Cross Section of Hypothesized Roots of the Limerick System

Are you still doing work on Ballinalack?

Yes our Ballinalack zinc deposit is still a key asset for us and we will continue to progress the project in due course. Our regulatory spending requirements at Ballinalack does not fall due until 2025, so we will use that time to focus on PG West / Stonepark and go back to do some drilling at Ballinalack likely sometime in 2024.

Ballinalack – Ballycorkey Prospect (Regional View)


What is your current cash/working capital position?

As at our most recent quarter (ending June 30th) we had C$2.6m in cash. Current assets were C$2.7m and current liabilities were C$965k. However, to get a working capital that better illustrates exploration funding potential (as opposed to just financial risk), note that director fees of C$140k are paid out as DSUs; and Exploration Partner Advances of C$338k represent a commitment to complete the Stonepark drilling this year and Ballinalack drilling in future. Therefore, adjusted current liabilities for the above gets you to C$487k, for an adjusted WC of $2.2m.

Cash is incredibly difficult to come by, especially for base metals companies. Although the zinc price is still quite robust at $1.35 per pound, there seems to be a general apathy in the markets and companies with good drill results, like for instance District Metals (DMX.V) don’t seem to be getting any traction or the recognition they deserve. What’s broken in the industry? What will have to change for companies like Group Eleven to get their fair share of the spotlights?

I believe what is broken in the industry right now is a clear idea of what the outlook looks like. There is obviously a lot of uncertainty stemming from the Russian invasion, after-effects of Covid and now inflation with a brewing higher-interest rate environment. Because of these unknowns, the market in large part is going to cash and indiscriminately selling. As always, for some, this will be a great opportunity to buy quality names at a steep discount, knowing the dust will clear eventually.

As for Group Eleven, the key distinguishing factor will likely be grade. Irish-type zinc deposits typically have high-grades and tend to produce clean, highly-sought after concentrates. Being on the door-step of European smelters and having the in-country infrastructure is also key. Our stellar grades reported recently at the Ballywire discovery of up to 52% Zn+Pb and silver up to 632 g/t, bode well for hopefully finding a large and high-grade mineralizing system. Time will tell and I suspect a lot more people will be listening if we start demonstrating continuity of high-grade on this next round of drilling at Ballywire.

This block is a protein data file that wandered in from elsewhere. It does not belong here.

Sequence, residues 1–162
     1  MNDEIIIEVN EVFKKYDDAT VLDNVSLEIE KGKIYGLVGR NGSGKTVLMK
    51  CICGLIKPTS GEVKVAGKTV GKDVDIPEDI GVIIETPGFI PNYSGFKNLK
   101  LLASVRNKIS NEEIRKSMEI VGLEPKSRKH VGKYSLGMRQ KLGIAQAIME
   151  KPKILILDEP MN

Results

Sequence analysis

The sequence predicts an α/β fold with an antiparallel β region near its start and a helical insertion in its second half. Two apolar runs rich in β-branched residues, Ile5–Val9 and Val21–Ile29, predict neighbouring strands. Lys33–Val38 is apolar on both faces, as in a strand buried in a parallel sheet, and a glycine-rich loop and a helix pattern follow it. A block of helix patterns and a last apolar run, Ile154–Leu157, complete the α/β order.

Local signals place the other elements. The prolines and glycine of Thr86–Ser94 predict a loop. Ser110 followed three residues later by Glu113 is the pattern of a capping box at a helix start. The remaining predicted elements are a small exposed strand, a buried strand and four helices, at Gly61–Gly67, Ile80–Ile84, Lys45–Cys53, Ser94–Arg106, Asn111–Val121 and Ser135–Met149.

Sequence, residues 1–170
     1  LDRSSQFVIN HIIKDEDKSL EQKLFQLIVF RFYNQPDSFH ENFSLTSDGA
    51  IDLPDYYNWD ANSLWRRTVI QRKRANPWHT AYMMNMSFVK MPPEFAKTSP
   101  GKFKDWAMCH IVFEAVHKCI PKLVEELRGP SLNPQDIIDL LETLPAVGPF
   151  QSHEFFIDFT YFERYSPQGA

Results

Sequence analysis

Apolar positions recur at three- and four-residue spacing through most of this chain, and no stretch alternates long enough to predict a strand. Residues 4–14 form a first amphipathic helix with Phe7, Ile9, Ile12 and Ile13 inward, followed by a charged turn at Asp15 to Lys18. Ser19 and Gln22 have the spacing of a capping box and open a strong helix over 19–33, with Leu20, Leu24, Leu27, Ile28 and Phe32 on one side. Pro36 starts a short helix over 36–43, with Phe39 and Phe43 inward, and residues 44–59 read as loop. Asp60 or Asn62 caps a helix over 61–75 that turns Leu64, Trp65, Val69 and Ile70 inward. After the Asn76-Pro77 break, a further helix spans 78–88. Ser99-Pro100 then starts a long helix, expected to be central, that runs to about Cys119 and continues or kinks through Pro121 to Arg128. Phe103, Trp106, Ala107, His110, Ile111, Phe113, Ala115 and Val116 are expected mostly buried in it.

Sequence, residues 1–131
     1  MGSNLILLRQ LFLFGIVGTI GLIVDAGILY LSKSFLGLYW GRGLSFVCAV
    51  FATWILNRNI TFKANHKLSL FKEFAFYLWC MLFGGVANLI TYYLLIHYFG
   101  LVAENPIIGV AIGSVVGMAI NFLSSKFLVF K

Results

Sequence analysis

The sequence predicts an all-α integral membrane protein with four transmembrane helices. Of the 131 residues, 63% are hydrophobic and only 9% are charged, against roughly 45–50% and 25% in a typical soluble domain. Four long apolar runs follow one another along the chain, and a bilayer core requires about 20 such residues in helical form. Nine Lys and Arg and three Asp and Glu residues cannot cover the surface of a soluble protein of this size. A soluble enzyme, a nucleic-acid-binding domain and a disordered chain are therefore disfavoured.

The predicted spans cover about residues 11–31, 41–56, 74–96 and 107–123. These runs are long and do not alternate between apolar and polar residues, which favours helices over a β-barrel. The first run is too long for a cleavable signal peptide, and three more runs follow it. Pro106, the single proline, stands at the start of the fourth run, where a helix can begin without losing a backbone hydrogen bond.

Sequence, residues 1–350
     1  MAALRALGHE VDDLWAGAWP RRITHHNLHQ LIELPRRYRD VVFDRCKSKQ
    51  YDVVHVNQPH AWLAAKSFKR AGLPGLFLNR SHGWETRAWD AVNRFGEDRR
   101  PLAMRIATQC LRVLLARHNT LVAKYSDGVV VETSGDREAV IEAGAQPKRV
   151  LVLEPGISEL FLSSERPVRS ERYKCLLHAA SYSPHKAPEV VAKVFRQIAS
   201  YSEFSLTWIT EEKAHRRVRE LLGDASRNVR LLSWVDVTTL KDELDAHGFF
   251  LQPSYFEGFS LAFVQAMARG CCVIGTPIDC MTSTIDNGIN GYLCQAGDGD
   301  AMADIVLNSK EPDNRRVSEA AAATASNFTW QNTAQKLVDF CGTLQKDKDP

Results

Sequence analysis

Ballywire – Discovery of New High-Grade Zone (Sept-2022)

Any parting thoughts?

Offshore wind power in Ireland – watch this space. (See my discussion with Andrew Johns on this and other green energy implications to the zinc demand outlook, starting at 22mins).

Zinc batteries, solar farms and offshore wind power are going to have a significant impact on zinc demand over the foreseeable future. Ireland specifically is poised to become the largest offshore wind energy producer in Europe. This means green-hydrogen and the distinct possibility of green energy fuelling the next generation of zinc mines in Ireland.


This isn’t an easy time to be an exploration stage company and just like so many other companies, Group Eleven Resources isn’t just getting any traction or share price appreciation on the back of very interesting drill results. Not only did recently drilled holes confirm the presence of high-grade zinc-lead mineralization in the backyard of a Glencore-owned project, it is also very important to note that these drill results are confirming the company’s exploration theory.

The only thing Group Eleven (and by extension, all other exploration companies) can do is to further advance their projects while keeping an eye on the treasury to avoid seeing the market starting to speculate against the company. At a price of just over $1.35 per pound, the zinc price remains strong. Meanwhile, Ireland remains an excellent mining jurisdiction so Group Eleven has a lot of elements going for it but in the current market, everything is an uphill battle.

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Disclosure: The author has a small long position in Group Eleven Resources. Please read the disclaimer.